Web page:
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15 May 2019
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Kamaldeep Sahota, operational manager at King Edwards Medical Centre in London, explains how his practice dramatically improved its ability to recognise patients at risk of becoming diabetic
A few years ago, King Edwards Medical Centre in Barking, east London, was struggling to identify pre-diabetic patients.
The problem was shared by other practices in the area, encouraging NHS Barking and Dagenham CCG to introduce a new initiative in 2016, to help its 37 practices reduce the number of undiagnosed diabetes cases.
As a result of the CCG’s initiative, the number of undiagnosed diabetes cases in Barking and Dagenham decreased by 62%: from 1,642 in 2012/13 to 624 in 2017/18.
Kamaldeep Sahota, operational manager at King Edwards Medical Centre, tells Management in Practice how the CCG’s project helped them identify an extra 150 patients with diabetes in just two years.
It was very hard for us to identify pre-diabetic patients. Our CCG, NHS Barking and Dagenham, invited our practice and other GP surgeries in our area to join a project that would help us [improve the identification process].
We followed a structured programme that helped us identify pre-diabetic patients and better manage our diabetic patients. The initiative came with a financial incentive attached, which enabled us to invest in additional resources to help us [improve results].
We worked with a third-party company, Primed, on this. They assisted with building in-house searches that allow us, at the click of a button, to pinpoint different cohorts of patients that we need to focus on.
Within our practice, we selected three leads for this project: me, a GP, and one of our nurses.
I put the whole operation together. I gave the pre-diabetics list to our nurse to manage and those patients received dietary advice and were referred to our local diabetes education program.
Meanwhile, I focused on our 487 diabetic patients. I started looking at the eight NICE care processes for patients with diabetes, checking those who hadn’t completed all the processes.
Thanks to the CCG programme, we were able to identify the cohort of pre-diabetic patients and give them dietary advice and education to ensure they don’t become diabetic. As a result of the in-house searches we built with Primed, we were able to identify 150 patients that we might otherwise have missed.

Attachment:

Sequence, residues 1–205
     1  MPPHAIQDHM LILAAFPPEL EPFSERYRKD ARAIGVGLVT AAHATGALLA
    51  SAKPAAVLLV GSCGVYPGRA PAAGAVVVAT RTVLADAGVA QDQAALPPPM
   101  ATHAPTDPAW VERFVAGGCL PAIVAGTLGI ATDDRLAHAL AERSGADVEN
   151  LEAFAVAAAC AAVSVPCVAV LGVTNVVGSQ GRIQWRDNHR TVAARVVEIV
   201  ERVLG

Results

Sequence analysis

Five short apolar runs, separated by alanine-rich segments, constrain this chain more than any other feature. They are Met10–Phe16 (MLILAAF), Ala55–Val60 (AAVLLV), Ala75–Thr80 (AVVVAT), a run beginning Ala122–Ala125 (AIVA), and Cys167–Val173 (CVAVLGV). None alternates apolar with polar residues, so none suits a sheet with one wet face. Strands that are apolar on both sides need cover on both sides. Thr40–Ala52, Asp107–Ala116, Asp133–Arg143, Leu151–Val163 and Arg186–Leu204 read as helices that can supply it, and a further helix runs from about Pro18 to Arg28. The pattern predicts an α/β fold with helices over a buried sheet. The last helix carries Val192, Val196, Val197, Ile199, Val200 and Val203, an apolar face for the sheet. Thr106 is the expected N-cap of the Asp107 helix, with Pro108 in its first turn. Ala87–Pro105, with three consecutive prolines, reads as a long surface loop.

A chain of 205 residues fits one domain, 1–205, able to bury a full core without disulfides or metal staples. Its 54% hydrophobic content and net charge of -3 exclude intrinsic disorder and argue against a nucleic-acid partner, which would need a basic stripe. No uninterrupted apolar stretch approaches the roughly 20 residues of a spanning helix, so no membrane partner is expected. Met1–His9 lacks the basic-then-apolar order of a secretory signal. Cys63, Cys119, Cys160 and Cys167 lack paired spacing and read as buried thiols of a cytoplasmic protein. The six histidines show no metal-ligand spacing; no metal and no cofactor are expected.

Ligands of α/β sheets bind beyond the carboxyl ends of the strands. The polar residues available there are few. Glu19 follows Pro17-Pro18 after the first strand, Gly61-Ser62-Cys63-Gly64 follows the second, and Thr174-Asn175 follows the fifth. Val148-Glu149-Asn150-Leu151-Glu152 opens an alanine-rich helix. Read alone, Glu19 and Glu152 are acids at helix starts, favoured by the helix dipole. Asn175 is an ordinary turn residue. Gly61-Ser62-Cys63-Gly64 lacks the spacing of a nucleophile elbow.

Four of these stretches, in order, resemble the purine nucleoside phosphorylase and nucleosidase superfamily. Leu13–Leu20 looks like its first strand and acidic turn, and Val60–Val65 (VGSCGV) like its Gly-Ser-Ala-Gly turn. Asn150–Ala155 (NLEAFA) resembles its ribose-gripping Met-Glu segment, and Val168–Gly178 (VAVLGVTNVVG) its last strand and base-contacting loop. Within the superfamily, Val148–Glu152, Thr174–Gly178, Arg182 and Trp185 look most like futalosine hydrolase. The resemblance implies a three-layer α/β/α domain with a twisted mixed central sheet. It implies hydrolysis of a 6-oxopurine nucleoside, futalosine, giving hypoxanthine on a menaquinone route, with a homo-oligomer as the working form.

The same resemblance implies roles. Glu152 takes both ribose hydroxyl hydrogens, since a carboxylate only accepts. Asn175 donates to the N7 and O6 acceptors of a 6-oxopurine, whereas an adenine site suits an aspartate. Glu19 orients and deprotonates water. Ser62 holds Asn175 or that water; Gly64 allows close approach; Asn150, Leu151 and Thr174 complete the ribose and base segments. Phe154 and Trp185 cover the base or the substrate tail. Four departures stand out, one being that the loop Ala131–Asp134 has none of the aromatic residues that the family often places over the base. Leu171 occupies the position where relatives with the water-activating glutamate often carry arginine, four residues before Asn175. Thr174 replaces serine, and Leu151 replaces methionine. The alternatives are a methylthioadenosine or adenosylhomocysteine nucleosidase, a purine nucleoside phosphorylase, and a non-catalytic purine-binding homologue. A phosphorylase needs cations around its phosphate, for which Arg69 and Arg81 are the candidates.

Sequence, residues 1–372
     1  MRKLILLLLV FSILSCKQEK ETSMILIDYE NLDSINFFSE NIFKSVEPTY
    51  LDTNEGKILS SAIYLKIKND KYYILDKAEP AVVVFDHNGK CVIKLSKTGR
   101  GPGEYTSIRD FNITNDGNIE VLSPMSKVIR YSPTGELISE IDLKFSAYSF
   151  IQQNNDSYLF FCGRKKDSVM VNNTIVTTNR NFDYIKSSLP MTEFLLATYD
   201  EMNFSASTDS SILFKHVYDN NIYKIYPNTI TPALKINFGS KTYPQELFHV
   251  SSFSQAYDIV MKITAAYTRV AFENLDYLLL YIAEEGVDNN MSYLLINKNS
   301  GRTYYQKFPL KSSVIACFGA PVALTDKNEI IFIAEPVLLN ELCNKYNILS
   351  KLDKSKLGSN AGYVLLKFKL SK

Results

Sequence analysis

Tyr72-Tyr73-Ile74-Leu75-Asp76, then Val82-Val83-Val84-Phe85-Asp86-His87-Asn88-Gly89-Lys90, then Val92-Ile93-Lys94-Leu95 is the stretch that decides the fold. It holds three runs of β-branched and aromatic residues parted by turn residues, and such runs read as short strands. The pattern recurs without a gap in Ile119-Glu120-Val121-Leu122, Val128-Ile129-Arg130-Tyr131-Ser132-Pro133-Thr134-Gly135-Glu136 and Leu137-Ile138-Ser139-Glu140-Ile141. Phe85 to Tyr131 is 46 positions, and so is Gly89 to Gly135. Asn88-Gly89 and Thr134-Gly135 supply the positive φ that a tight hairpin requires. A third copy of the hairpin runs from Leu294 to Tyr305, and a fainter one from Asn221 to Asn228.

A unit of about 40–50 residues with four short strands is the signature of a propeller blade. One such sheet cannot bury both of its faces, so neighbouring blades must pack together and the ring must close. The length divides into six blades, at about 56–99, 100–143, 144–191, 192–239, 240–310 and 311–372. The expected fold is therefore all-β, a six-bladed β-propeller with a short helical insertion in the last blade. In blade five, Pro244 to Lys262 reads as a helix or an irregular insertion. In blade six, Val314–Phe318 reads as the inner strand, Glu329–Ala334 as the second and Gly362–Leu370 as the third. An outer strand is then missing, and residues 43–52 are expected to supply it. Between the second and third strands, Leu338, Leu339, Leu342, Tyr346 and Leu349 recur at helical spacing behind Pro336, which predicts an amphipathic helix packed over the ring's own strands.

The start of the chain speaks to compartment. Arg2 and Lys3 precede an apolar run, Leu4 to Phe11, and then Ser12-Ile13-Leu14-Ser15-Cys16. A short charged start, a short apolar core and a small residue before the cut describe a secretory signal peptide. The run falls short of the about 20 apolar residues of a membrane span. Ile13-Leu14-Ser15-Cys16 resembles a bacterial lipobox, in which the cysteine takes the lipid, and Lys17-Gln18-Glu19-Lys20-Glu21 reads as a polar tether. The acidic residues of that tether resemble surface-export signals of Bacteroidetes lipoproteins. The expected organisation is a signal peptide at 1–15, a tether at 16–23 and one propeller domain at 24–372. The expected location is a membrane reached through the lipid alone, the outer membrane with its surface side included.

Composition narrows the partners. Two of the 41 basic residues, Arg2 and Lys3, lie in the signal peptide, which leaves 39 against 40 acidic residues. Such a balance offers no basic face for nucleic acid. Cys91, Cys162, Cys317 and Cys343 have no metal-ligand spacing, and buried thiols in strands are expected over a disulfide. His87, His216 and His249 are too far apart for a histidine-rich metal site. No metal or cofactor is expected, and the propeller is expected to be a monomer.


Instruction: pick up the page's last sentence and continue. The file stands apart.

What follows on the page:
The programme also helped us improve the outcomes of the eight NICE care processes with our practice’s diabetes GP lead Dr Miriam John helping us to better cater for our diabetic patients. We monitored the eight processes and closed gaps in the care we were providing.
For example, if a diabetic patient needed support with their diet, we would refer them to a dietician, and if somebody was smoking, we would send them to the smoking cessation clinic. We were trying to be proactive.
We identified 100 patients who were missing something from the care processes. With the support of my administrative staff, we called patients whose weight or BMI data was missing. We also put a blood pressure machine and weighing scales in the reception area.
We told those who needed to have their blood pressure checked to drop by the clinic to have this done.
As a team, we all had our own responsibilities and there were special clinics set up by Dr John. For example, patients with an HbA1c value over 48 were called in and given tips from Dr John on how to lower that value.
In 2017 and 2018, we were able to identify 150 additional patients with diabetes and this project has opened our eyes in terms of managing diabetic patients and everything that involves.
It has allowed us to prevent further [deterioration of the condition of] our diabetic patients, by making sure they are all assessed against the NICE care processes, and to avoid our pre-diabetic patients becoming diabetic.
It’s been an enjoyable and satisfying journey, [one we feel] we’re managing very well.
Our most recent figures, from the 13 December 2018, show that 74% of our diabetic patients have been referred to the local diabetes education programme. Previously, patients were referred to this on an ad hoc basis.
One of the challenges we encountered was reaching out to patients who don’t speak English.
However, we have quite a multilingual team here. I speak several languages – Punjabi, Hindi, and Urdu – so I was able to contact some of these patients and explain to them why it’s important to come in and have their blood tests done.
The scheme added to my personal workload. It took time for me to organise the searches; printing them out and distributing them to different members of staff, and setting up the clinics.
For every patient identified as needing a blood test, I had to ensure the receptionists were inviting them to fill in a blood test form and asking them to come in for the test.
It was less difficult for our staff to adjust to this new way of working. This is because there was funding attached to the programme, which allowed us to pay our nurse and our receptionists to put in any necessary overtime.
Additional reporting by Valeria Fiore